And we know animals often get anthropomorphized, but who gave Bruce such a human-looking tongue? While sharks do have tongues (scientifically called a basihyal), they're actually made out of cartilage, not muscle, meaning that sharks can't move their "tongues" like humans can, according to the International Wildlife Museum in Tuscan, Arizona.
However, Bruce's social nature with the other sharks does have scientific backing, sort of. Great white sharks swimming near Guadalupe Island, off the western coast of Mexico, have been spotted swimming in social clubs, often patrolling for food with close buddies or in same-sex pairs, Live Science previously reported.
Chosen by Laura Geggel, Channel Editor
- Watch Finding Nemo on Disney+
- Release date: June 20, 1975
- Cast: Roy Scheider, Robert Shaw, Richard Dreyfuss
The great white granddaddy himself. Spielberg's 1975 masterpiece staked out an entire genre of monster films and ruined outdoor swimming for generations.
Jaws is a lot more than just a shark film. Sure, the short of it is that it's about a great white shark that's really gotten into eating people. The long, however, is of a small town, pressed by economic necessity, that is forced to keep its beach open for tourist income despite warnings from scientists of mounting danger — followed by the heroic effort of three men to hunt and kill the beast.
Consider all that in light of the Covid pandemic and you'll see why the film has gained some rewatchability. But above its analysis of why institutions fail; where the personal and political intersect; and the chilling elemental wrath of nature, the real red meat of the film is in its deft treatment of its characters. It takes a good amount of time building up our sympathies for them before sending them out on a leaky boat to hunt a giant man-eater, making the film the most compelling study of shark fear this side of getting eaten by one.
Perhaps the greatest element of the movie is that the mechanical shark designed for it never actually worked when Spielberg needed it to. This forced him to keep the titular finned fiend's appearances down to an absolute minimum, a decision that actually made the shark's evil presence feel ubiquitous. Jaws lurks ceaselessly throughout the film's Hitchcockian thrills — plucking up tension in the subtle tugs of fishing lines, the impassive shark's-eye glides of the underwater cameras, and the accelerating heartbeat of John Williams's stomach-knotting score.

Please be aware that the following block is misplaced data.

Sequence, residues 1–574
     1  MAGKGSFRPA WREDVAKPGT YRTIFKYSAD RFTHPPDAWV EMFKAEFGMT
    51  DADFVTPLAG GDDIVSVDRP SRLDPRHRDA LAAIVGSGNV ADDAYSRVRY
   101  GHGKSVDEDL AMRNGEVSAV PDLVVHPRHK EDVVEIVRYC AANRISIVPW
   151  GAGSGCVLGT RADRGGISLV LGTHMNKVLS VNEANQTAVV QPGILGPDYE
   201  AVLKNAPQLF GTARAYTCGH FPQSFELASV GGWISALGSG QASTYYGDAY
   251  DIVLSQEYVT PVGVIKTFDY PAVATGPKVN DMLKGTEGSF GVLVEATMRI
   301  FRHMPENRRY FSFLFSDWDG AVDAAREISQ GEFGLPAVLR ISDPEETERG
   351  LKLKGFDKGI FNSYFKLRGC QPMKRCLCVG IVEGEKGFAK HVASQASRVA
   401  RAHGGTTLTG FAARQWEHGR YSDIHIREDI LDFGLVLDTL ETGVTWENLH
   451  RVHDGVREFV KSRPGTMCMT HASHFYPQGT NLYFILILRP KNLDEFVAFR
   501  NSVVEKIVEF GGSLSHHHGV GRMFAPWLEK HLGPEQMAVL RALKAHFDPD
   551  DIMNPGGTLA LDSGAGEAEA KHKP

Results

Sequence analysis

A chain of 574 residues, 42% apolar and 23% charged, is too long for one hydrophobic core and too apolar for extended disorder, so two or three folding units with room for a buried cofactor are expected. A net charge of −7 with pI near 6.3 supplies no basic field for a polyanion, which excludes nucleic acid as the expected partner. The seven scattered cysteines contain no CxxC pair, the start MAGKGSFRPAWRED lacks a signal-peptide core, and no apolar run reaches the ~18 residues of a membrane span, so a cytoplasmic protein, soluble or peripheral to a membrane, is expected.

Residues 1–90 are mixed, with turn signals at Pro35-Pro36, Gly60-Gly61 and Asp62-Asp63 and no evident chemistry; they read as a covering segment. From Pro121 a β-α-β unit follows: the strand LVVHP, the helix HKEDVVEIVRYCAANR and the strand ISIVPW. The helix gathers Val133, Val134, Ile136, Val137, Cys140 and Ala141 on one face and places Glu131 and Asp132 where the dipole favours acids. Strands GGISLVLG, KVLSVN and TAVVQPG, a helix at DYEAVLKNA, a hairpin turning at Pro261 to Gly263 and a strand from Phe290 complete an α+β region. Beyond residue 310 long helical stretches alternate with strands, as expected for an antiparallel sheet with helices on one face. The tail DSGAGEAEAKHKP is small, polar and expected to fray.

Sadly, what the film did for cinema, it certainly didn't do for sharks — at least when it comes to their public image. The flick caused a massive shift in our perception of the mostly shy and reclusive animals, transforming them from largely understudied, liminal creatures to internationally reviled, vengeful killing machines. This fed into an uptick in hunting and killing of sharks by humans; partly fuelling a crash in populations in the Northwest Atlantic Ocean by 89% in hammerhead sharks, 79% in great white sharks, and 65% in tiger sharks in the years since the film's release.
Maybe it's the sharks' turn to make a movie about us?
Chosen by Ben Turner, Staff Writer
- Watch Jaws on Tubi TV and Spectrum on Demand
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Ian is the Tech and Entertainment Editor at Live Science & Space.com. This means he covers everything from Star Wars and the MCU through to VR headsets and Lego sets. With a degree in biology, a PhD in chemistry, and his previous role at Institute of Physics Publishing, Ian is taking a world tour through the different scientific disciplines. He's seeing how long they let him keep this profile photo.
- Mindy WeisbergerEditor
- Ben TurnerStaff Writer
- Nicoletta LaneseChannel Editor, Health
- Jennifer NalewickiLive Science Staff Writer
- Laura GeggelEditor